Featured Research

from universities, journals, and other organizations

How colds cause coughs and wheezes

Date:
March 27, 2012
Source:
Society for General Microbiology
Summary:
Cold-like infections make 'cough receptors' in the airways more sensitive, making asthmatics more prone to bouts of coughing and wheezing, reveal scientists. The work could lead to drugs that reduce virus-induced coughing in those suffering chronic lung diseases.

Cold-like infections make 'cough receptors' in the airways more sensitive, making asthmatics more prone to bouts of coughing and wheezing, reveal scientists presenting their findings at the Society for General Microbiology's Spring Conference in Dublin. The work could lead to drugs that reduce virus-induced coughing in those suffering chronic lung diseases.

Related Articles


Asthmatics often report bouts of coughing, wheezing and breathlessness when they have a cold and there is no current medicine that sufficiently treats this problem. Researchers at Queen's University Belfast are investigating 'cough receptors' that line the cells of the airway and how these are affected by rhinovirus -- a virus frequently responsible for the common cold. The team showed that rhinovirus infection caused an increase in the number of these cough receptors- making the airways more sensitive.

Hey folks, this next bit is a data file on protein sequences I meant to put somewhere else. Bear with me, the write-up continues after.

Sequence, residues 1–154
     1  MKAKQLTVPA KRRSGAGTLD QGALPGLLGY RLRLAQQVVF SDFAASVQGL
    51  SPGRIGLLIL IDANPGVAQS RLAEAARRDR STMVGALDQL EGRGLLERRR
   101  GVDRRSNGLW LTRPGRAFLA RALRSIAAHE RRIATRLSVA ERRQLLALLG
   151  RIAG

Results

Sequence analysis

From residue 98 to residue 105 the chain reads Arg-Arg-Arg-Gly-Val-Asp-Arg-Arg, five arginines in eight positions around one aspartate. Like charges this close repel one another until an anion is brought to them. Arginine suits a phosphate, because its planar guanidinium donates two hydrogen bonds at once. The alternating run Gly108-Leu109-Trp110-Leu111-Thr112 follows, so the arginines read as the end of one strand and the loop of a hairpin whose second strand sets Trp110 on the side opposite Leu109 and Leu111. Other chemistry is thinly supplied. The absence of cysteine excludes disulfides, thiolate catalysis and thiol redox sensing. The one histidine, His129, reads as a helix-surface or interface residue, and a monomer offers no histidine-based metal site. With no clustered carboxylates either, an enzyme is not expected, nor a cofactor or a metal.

Dr Hani'ah Abdullah, who is working on the project, explained how these receptors, called transient receptor potential (TRP) receptors, work. "TRP receptors respond to chemical and physical stimuli in the environment such as pollutants in the air, a change in air temperature and some of the toxic chemicals found in cigarette smoke. Once activated, these receptors cause the individual to cough and wheeze." she said.